DELAWARE, Ohio – Geologists registered a 4.2 magnitude earthquake at 10:03 p.m. Jan. 25 centered in Lake Erie 10 miles north of Ashtabula.
The quake was felt in Erie, Pa., and Toronto, and as far south as Canton, Ohio.
It is the largest earthquake to be registered in Ohio since 1986, according to Ohio Department of Natural Resources earthquake expert Mike Hansen. It follows a 2.6 magnitude earthquake registered Jan. 19 also in the Ashtabula area.
There were no immediate reports of injury, however minor structural damage has been noted in various Ashtabula County communities.
Seismic risk in Ohio is difficult to evaluate, Hansen said, because earthquakes are generally infrequent in comparison to plate-margin areas such as California.
Also, active faults do not reach the surface in Ohio and therefore cannot be mapped without the aid of expensive subsurface techniques.
And earthquakes don’t happen very often in eastern United States – the time between large earthquakes is commonly very long, on the order of hundreds or even thousands of years.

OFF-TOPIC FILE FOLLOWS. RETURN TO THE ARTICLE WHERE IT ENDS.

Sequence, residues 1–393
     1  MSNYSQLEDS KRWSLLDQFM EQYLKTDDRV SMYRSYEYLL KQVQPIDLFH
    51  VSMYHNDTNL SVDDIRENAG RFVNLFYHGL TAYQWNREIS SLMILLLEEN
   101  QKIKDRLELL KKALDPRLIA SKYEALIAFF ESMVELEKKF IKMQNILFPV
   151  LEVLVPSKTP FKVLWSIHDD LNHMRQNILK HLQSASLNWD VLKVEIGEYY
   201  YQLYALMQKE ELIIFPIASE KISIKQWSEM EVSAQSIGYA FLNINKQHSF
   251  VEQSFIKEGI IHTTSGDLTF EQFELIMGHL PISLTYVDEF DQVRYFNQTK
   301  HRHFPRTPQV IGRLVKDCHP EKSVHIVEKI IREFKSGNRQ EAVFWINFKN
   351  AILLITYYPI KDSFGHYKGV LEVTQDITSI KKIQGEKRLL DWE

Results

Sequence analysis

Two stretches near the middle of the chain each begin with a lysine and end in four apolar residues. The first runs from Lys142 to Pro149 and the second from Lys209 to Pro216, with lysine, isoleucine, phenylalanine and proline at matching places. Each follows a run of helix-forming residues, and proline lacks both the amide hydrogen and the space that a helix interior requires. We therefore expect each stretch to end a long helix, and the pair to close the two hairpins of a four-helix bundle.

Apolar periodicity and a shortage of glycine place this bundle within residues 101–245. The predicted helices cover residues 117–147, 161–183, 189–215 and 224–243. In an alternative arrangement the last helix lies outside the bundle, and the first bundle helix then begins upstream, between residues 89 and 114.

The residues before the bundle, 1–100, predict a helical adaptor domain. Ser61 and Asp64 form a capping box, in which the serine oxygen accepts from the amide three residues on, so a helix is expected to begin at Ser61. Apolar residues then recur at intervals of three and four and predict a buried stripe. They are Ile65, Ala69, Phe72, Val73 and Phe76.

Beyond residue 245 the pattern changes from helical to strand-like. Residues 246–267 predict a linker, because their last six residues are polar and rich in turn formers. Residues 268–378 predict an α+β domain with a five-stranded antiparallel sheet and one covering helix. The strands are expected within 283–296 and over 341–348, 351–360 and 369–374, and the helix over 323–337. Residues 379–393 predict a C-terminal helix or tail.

Hansen said earthquake risk in the eastern United States is further compounded by the fact that seismic waves tend to travel for long distances. The relatively brittle and flat-lying sedimentary rocks of this region tend to carry these waves throughout an area of thousands of square miles for even a moderate-size earthquake.
Damaging ground motion would occur in an area about 10 times larger than for a California earthquake of comparable intensity.
ODNR geologists recorded the recent earthquake on the OhioSeis system, a 20-station network of seismographs installed by the ODNR Division of Geological Survey in 1999.
The seismic network is the most comprehensive earthquake-monitoring system ever established in Ohio, and is considered by geologists to be among the best in the Midwest.
The exact epicenter, magnitude and timeframe of any seismic activity can now be determined in a matter of minutes by checking data from any three or more of the seismograph units.
The 20 monitoring units in the new network are located in the most seismically active areas of the state or near regions that provide ideal conditions for detecting and locating very small tremors – which are often undetected by humans.
The stations are located at universities and government facilities in or near Ashtabula, Athens, Bowling Green, Celina, Cincinnati, Cleveland, Columbus, Lancaster, Lima, Painesville, Portsmouth, Toledo and Wooster.
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